Programs such as capstone design bring together engineering students and medtech industry leaders to free up industry resources and provide students with real-world experience. Here are three examples from Medtronic, GE Healthcare, and 3M.
|For GE Healthcare, teams created an electrically powered lift for increasingly weighty CT scanners.|
Problem: With the advent of multislice computed tomography (CT) and the ever-increasing need for larger coverage systems, the phantoms used for qualification of CT systems are getting much larger and heavier. This trend means that the large phantoms will be heavier than the allowable weight limit that is safe for a single employee to lift.
Goal of Project: This project focused on the design of a scanner-independent phantom holder/lift mechanism for large phantoms for next-generation CT systems. The goal of this project was to design and test a prototype phantom holder/lift mechanism for large phantoms that can safely be positioned independent of the CT scanner for imaging.
Solution: The team designed an electrically powered lift capable of holding phantoms of at least 100 lb, which translates the phantom vertically, and a micropositioning device to adjust the phantom horizontally and tilt within the bore of the CT scanner. With the necessary amount of counter-weight and swivel wheels, the lift was easy to maneuver and provided a good solution to the problem of accurately positioning large phantoms in the scanner
Problem: Patients with ICDs who undergo surgery put themselves and the operating physician at risk for inappropriate shocks due to electromagnetic interference introduced by surgical equipment. ICDs are designed to detect arrhythmias such as ventricular fibrillation and deliver high-voltage shocks to the heart to terminate the arrhythmia within a few seconds.
Electromagnetic interference from surgical equipment, such as electrocautery devices, may be falsely interpreted by the ICD as an arrhythmia during surgery, possibly leading to inappropriate delivery of therapy (high-voltage shock). Currently, to avoid the risk of inappropriate shocks, ICD therapies are temporarily suspended to prevent the device from delivering therapy during surgery. The currently available methods for disabling therapies require the Smart Magnet (used by the physician) and the presence of a company representative who manually programs the device to cease detecting arrhythmias. Although both methods serve as effective means for avoiding inappropriate shocks, they are not ideal.
Goal of Project: The project team was asked to use clinical field input to design and build a functional prototype of an alternative method for preventing inappropriate shocks during surgery. The goal of the prototype was to provide a means for a physician to safely suspend ICD therapy delivery with adequate device feedback without the presence of a company representative during surgery.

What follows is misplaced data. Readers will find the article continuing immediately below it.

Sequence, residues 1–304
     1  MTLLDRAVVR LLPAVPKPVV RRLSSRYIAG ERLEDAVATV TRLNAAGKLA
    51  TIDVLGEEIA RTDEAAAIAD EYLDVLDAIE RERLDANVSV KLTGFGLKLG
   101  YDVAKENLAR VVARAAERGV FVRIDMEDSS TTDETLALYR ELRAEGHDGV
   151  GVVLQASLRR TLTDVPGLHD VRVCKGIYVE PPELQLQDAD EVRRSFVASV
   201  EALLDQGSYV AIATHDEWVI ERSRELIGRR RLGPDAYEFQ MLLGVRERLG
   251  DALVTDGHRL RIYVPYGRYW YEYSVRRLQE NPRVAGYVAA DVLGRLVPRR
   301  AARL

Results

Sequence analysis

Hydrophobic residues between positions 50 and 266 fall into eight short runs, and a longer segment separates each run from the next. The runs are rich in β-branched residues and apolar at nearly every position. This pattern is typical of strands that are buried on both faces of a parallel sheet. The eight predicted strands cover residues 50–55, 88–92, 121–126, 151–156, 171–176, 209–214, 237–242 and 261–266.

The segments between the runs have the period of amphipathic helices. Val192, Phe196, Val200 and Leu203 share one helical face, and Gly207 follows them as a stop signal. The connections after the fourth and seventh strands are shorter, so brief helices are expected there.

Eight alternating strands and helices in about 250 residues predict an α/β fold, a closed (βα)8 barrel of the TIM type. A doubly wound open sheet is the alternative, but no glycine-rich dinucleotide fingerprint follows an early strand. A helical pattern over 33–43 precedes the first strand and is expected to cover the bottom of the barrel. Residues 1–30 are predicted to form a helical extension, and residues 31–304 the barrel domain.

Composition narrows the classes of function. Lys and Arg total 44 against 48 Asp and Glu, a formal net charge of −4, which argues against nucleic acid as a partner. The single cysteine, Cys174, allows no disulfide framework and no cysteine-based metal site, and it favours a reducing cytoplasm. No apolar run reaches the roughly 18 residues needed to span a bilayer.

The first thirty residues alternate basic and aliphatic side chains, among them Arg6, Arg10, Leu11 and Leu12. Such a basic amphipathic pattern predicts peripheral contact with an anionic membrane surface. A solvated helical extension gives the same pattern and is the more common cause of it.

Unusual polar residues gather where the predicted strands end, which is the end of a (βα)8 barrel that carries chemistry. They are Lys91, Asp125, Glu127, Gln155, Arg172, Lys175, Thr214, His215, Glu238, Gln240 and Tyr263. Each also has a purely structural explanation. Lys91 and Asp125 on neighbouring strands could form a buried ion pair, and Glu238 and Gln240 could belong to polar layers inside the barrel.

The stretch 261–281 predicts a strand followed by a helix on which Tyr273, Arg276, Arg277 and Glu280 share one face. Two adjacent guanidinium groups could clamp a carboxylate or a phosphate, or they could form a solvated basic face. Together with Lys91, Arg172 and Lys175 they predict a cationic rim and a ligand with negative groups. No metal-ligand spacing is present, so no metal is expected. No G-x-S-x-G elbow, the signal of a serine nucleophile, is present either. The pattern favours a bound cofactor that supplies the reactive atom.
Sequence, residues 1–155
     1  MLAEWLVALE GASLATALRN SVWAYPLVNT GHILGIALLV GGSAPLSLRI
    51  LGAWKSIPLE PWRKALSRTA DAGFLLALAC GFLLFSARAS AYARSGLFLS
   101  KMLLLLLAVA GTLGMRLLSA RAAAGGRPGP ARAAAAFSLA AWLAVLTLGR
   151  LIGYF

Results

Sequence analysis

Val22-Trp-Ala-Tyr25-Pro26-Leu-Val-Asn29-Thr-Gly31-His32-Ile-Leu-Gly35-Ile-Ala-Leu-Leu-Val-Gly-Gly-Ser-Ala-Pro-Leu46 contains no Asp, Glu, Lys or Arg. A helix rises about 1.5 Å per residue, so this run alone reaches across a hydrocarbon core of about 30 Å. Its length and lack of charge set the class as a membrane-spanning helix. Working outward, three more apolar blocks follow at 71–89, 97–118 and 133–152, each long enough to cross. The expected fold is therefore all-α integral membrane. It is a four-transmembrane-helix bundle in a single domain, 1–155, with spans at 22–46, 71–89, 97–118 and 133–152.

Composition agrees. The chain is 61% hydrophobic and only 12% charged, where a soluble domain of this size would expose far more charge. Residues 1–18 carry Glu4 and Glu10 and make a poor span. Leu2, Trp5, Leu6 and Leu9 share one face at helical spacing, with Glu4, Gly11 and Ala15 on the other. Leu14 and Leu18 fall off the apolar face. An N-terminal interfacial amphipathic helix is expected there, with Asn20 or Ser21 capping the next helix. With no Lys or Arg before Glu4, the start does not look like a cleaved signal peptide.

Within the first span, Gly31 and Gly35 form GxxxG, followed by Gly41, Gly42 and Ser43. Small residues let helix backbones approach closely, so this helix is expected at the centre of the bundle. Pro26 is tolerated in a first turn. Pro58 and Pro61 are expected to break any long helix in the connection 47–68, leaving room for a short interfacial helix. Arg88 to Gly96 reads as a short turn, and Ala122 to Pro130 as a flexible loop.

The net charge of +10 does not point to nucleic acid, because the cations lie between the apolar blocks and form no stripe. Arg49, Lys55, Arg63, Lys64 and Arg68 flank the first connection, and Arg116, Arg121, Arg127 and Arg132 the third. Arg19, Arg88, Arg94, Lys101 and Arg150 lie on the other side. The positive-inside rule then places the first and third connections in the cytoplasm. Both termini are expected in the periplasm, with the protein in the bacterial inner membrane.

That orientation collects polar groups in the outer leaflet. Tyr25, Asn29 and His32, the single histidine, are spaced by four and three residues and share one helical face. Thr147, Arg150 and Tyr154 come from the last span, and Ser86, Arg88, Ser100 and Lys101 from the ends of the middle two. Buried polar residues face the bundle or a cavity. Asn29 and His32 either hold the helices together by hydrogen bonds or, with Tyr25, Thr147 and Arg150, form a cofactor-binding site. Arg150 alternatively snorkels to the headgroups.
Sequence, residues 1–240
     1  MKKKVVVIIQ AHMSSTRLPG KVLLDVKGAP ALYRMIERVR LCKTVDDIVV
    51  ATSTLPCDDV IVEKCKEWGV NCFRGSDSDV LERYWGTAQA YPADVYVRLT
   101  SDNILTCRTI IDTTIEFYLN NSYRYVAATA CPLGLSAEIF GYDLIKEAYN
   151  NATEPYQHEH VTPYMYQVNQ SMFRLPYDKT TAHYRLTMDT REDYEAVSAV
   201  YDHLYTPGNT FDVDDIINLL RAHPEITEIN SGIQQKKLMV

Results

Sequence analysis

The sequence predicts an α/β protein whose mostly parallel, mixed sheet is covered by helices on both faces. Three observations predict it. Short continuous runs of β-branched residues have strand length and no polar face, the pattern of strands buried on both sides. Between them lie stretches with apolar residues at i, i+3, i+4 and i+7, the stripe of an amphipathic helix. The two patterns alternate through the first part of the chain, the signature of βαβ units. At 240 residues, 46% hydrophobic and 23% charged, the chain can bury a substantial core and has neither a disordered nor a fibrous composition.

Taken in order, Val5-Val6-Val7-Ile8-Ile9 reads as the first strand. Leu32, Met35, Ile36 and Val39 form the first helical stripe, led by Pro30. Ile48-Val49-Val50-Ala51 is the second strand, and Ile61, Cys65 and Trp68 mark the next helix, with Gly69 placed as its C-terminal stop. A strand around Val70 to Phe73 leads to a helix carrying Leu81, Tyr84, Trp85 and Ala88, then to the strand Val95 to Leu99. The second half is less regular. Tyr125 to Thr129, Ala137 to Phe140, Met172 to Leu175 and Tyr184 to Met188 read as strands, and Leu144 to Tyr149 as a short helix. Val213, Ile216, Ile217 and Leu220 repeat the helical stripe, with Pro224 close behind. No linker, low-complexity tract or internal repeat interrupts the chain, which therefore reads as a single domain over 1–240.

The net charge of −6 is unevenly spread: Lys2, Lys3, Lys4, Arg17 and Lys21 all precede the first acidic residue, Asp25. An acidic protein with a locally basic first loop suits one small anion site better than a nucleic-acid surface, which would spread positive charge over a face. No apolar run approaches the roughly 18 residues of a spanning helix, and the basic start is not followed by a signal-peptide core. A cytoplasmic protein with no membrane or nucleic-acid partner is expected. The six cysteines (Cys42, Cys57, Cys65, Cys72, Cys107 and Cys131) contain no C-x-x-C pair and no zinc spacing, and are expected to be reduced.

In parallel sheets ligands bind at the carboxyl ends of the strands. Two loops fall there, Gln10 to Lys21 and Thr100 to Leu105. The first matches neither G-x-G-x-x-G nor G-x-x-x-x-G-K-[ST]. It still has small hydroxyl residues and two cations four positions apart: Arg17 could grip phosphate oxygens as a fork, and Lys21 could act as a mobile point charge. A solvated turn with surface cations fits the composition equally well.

Solution: Testing of a proof-of-concept prototype to determine technical feasibility confirmed that the device developed by the team remotely suspended ICD therapy delivery and provided adequate feedback to the physician. This prototype served as a cost-effective alternative to the Smart Magnet and manual current programming method while ensuring both the safety of the patient and physician during the surgical procedure.
Problem: The 3M Health Care Service Center is a support system for servicing broken or damaged stethoscopes. The center reported that a number of undamaged stethoscopes were being sent to it. The process of sending a stethoscope in for repair results in months of lost time, money, and manpower for both the stethoscope owner and the company. Globally, a popular solution to this problem was to replace faulty stethoscopes resulting in a significant loss to 3M.
Goal of Project: The purpose of this project was to create a process and portable prototype device that would allow various models of 3M Littmann electronic stethoscopes to be easily tested on-site for stethoscope functionality. This intermediate step would provide an initial evaluation of a stethoscope to determine if it is truly damaged and in need of repair.
Solution: A portable, sound-isolated case containing a speaker, microphone, and microcontroller interfaced via USB to a computer was developed. Stethoscope functionality was determined by placing the stethoscope chest piece and ear tips into this device. An intuitive user-centered computer interface was used to control the tests performed by the microprocessor. During testing, a sequence of auditory tones was sent to the chest piece via the speaker. The tones were sampled by the chest piece, amplified by the stethoscope, and measured at the ear tips using the microphone. The measured signals were then sent to the microcontroller and computer for analysis to determine if the amplification across frequencies is within 3M specifications. Testing to validate the design indicated that the device provided the desired frequency range to enable the user to determine if the stethoscope is functioning properly or requires servicing. This method is expected to reduce the number of functional stethoscopes sent to the service center.
Learn more about working with academia to help innovate at MDM Chicago, September 11, 2013.